A passage to ponder

Right after Jesus healed a man the Jewish leaders persecuted him for telling a man to work by picking up his mat.  Jesus has something of lengthy discussion with them.  Here is part of it.

"You search the Scriptures because you think they give you eternal life. But the Scriptures point to Me! Yet you refuse to come to Me to receive this life. "Your approval means nothing to Me, because I know you don’t have God’s love within you. For I have come to you in My Father’s name, and you have rejected Me. Yet if others come in their own name, you gladly welcome them. No wonder you can’t believe! For you gladly honor each other, but you don’t care about the honor that comes from the One who alone is God.
(Joh 5:39-44 NLT)

Love covers all things

I came across an interesting passage today studying Paul’s perspective on love.  It is found in 1Cor 13:7.

It bears all things, believes all things, hopes all things, endures all things.
(1Co 13:7 NET.)

At first glance this might not seem like it has much to do with covering and authority.  The word translated “bears” is stego which literally means to cover, like a roof.  Up until now I never found any passage that speaks literally of a covering in church relationship aside from Peter’s famous statement about love covering a multitude of sins.  Perhaps I’ve missed something. 

For this passage lots of translations render stego as “bears” but the NIV/TNIV do not.

It always protects, always trusts, always hopes, always perseveres.
(1Co 13:7 TNIV)

I took a look at Stego in the TDNT and found a strong case to render the word according to its more literal meaning.

Various renderings are suggested for 1 Cor. 13:7. In view of the earlier “bear” the sense “to endure” raises problems, since it seems to be repetitive. “To excuse”, is hardly possible, and the middle would be required for the sense “restrains itself.” The meaning, then, is perhaps that love “covers” all things. In full self-giving to others, the love that is rooted in God’s love keeps silent about unfavorable matters.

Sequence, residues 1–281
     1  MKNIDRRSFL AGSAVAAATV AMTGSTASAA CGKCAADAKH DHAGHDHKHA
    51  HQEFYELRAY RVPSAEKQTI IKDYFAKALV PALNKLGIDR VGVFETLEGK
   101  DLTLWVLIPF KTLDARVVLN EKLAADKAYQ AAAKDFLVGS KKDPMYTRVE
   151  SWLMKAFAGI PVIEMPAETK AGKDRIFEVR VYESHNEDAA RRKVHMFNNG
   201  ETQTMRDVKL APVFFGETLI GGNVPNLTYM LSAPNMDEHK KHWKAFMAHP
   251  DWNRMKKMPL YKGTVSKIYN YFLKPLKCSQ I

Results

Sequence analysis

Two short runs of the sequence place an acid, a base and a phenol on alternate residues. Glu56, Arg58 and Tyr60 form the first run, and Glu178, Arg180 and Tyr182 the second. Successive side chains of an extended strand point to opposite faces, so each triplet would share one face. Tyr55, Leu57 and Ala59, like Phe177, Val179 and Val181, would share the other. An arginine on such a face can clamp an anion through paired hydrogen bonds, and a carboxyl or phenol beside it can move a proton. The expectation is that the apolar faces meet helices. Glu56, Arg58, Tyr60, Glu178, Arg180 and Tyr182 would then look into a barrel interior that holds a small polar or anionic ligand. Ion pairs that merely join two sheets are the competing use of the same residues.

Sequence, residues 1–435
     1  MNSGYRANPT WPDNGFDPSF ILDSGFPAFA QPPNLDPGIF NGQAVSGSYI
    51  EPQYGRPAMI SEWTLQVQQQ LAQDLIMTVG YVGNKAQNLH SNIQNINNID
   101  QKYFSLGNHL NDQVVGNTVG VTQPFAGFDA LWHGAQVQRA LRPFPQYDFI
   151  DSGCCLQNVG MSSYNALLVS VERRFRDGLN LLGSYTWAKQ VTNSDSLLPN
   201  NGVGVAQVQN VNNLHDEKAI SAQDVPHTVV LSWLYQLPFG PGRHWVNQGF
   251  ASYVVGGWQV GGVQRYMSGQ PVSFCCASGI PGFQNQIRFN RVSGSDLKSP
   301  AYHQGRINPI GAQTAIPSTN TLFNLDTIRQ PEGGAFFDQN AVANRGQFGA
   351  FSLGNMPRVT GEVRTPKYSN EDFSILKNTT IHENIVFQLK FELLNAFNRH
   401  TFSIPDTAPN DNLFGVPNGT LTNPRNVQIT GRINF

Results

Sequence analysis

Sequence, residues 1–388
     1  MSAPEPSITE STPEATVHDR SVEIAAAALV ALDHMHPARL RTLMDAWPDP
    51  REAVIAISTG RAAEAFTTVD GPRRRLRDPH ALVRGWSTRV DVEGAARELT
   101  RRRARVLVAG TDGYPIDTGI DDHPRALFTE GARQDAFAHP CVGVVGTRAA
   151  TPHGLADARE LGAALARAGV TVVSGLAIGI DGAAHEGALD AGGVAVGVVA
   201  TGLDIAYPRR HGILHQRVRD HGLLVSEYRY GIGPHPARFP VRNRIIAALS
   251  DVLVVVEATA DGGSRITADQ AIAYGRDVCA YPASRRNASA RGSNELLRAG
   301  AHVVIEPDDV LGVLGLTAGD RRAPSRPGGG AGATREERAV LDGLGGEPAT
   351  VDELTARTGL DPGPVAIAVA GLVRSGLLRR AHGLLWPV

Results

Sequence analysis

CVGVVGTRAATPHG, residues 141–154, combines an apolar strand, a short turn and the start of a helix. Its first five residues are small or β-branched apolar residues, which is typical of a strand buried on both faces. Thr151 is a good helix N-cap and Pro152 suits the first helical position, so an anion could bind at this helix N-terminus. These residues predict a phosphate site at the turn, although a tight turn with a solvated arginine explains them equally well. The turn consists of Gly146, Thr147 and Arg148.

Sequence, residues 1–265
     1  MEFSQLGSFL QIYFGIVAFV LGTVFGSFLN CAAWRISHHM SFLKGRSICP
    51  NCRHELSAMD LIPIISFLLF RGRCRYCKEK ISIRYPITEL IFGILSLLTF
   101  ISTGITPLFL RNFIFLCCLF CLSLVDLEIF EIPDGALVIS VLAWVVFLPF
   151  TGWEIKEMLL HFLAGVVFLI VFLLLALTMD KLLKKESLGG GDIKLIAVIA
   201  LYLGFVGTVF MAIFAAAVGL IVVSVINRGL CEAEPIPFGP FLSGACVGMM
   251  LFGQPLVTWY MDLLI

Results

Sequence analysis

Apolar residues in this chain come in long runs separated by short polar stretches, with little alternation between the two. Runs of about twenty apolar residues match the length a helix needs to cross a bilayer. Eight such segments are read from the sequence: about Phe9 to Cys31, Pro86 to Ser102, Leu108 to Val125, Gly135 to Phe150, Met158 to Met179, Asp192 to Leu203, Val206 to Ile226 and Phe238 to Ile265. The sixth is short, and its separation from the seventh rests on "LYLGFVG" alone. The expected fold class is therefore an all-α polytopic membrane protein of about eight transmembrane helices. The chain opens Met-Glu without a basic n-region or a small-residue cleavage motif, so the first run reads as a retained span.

Kittel, G., Friedrich, G., & Bromiley, G. W. (1995). Theological Dictionary of the New Testament (1073). Grand Rapids, MI: W.B. Eerdmans.

I found lots of commentators that bring the meaning of protective covering in to their interpretation of this text.  The covering here isn’t about protection from malevolent spiritual beings but more in the sense of keeping in confidence the weaknesses and failings of the people we love.  Love doesn’t broadcast the faults and failings of others.  They believe the text speaks to a gracious amount of concealment.  It does concern me how this might be taken too far if corruption is hidden from view when it should be exposed.

I have my own sense of what this could look like in church life.  There is protection in love.  When people know they are loved and are tangibly supported they can be transparent about their weaknesses and failings.  The community can then respond by supporting that person in the ways that they need support.  We can cover for each other’s weaknesses and be ready with a gentle helping hand.  In another sense genuine love is the best response to a lot of dysfunction.  It is a universal elixir for a great many interpersonal ailments. 

In my experience the most effective ministry is the continual proclamation of the gospel in the context of a relationship flooded with God’s divine love.

New addition to the scriptures collection

Do not let anyone accuse or contend against anyone else:
for my case is against you priests! You stumble day and night,
and the false prophets stumble with you;
You have destroyed your own people! You have destroyed my people
by failing to acknowledge me!
Because you refuse to acknowledge me,
I will reject you as my priests.
Because you reject the law of your God,
I will reject your descendants. The more the priests increased in numbers,
the more they rebelled against me.
They have turned their glorious calling
into a shameful disgrace!
(Hos 4:4-7 NET.)

New scripture to the quotes collection

For we do not proclaim ourselves, but Jesus Christ as Lord, and ourselves as your slaves for Jesus’sake. For God, who said “Let light shine out of darkness,” is the one who shined in our hearts to give us the light of the glorious knowledge of God in the face of Christ. But we have this treasure in clay jars, so that the extraordinary power belongs to God and does not come from us. We are experiencing trouble on every side, but are not crushed; we are perplexed, but not driven to despair; we are persecuted, but not abandoned; we are knocked down, but not destroyed, always carrying around in our body the death of Jesus, so that the life of Jesus may also be made visible in our body.
(2Co 4:5-10 NET.)

The futility of other teaching

I’ve been studying the topic of love lately.  As I jump from passage to passage I come across ones that I find are applicable over here.